Another one of the quirky paradoxes of community is that the very dynamics that provide a deep sense of belonging are the same that can exclude others.  The power of the inner circle almost seems to be equal and opposite to the energy to include; its like trying to simultaneously balance both centripetal and centrifugal forces.  So if you’re newly entering a community, be gentle with people there and realize that many are likely blind to the fact that they may be excluding you; and yet if you do enjoy a rich experience of community, understand that unless you intentionally take steps to decisively include others, know that you’ll be giving off an elitist, exclusionary vibe.

All this reminds me of the gorgeously beautiful song by the Avett brothers, The Perfect Space (you can listen to it below).  They sing my heart: “I want to have friends that I can trust, that love me for the man I’ve become not the man I was … I want to fit in to the perfect space, feel natural and safe in a volatile place.

We get tastes of that perfect space here and now but all the friendship and community we enjoy will always be a partial wholeness, a trailer for life in the new heavens and new earth.  But that hope of a perfect space gives me the grace to receive the lovely imperfect gifts of community today.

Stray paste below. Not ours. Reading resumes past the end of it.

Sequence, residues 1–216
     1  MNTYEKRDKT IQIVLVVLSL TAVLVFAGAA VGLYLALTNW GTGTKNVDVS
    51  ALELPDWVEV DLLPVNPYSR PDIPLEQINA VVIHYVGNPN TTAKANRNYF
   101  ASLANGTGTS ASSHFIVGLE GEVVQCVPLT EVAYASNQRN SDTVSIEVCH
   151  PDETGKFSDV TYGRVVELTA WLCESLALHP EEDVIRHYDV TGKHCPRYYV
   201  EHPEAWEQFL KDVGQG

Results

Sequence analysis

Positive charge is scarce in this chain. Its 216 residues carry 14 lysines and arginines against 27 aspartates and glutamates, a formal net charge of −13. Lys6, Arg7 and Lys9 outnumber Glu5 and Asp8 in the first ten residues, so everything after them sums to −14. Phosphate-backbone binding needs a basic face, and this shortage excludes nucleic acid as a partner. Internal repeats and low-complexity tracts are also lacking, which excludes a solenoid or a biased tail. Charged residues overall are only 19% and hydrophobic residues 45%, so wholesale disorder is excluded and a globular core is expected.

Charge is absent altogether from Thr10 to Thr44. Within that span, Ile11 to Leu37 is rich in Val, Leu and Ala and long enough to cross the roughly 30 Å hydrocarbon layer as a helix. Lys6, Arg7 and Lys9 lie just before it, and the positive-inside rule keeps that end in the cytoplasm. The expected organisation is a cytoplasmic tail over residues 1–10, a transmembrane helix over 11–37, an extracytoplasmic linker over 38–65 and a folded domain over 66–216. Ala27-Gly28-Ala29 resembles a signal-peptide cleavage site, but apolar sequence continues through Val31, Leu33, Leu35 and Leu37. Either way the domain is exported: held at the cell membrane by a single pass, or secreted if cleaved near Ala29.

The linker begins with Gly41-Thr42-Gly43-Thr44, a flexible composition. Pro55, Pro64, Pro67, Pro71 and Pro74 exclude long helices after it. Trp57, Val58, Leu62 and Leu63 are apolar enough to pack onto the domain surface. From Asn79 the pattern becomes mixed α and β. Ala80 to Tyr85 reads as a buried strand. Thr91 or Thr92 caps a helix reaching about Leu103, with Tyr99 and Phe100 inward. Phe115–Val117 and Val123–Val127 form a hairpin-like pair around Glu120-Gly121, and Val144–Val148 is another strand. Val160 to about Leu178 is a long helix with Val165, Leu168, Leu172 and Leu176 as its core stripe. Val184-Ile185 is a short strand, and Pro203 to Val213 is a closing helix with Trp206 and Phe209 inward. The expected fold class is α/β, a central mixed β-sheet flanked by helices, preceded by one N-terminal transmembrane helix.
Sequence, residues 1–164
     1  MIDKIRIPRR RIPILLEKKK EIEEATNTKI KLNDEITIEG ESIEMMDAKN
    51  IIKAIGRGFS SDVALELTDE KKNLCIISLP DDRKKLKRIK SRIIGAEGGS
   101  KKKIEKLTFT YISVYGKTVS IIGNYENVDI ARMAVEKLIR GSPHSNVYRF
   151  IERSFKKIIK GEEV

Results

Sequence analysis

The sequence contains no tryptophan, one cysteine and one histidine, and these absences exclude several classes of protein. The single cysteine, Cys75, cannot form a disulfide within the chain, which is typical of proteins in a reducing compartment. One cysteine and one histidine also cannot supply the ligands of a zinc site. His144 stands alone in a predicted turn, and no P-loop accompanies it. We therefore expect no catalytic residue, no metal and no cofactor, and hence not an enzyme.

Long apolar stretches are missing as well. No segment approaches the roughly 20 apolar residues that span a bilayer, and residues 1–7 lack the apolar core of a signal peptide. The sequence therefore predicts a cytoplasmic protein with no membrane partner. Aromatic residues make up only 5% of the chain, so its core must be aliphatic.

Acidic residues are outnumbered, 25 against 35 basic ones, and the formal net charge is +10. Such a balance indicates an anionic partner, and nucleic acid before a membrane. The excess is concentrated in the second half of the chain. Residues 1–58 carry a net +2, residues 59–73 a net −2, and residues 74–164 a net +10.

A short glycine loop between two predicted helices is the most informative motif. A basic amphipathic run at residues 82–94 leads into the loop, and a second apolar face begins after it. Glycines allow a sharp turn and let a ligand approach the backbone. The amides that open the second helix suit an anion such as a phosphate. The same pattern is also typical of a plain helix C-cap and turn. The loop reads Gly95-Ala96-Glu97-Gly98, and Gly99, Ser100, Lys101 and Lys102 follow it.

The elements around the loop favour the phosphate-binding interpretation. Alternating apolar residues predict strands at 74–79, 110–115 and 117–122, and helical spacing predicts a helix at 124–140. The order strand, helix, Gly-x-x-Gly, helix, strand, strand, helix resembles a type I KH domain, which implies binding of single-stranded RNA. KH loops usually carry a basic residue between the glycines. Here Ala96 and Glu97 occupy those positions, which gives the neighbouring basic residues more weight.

An anthem for Black Friday – reprise

Just had this piece posted on the CRC Network site so figured I’d repost an edited version of it here today.

Today is Black Friday south of the 49th, the biggest consumer bender known to humanity.  Called black because merchants’ books finally crossover from the red into the black, it’s an apt adjective for other reasons.  And it would be so easy to watch the spree and smugly gloat, believing I’m free from that, above it all.  Truth is, what separates me from a Black Friday binge is merely opportunity.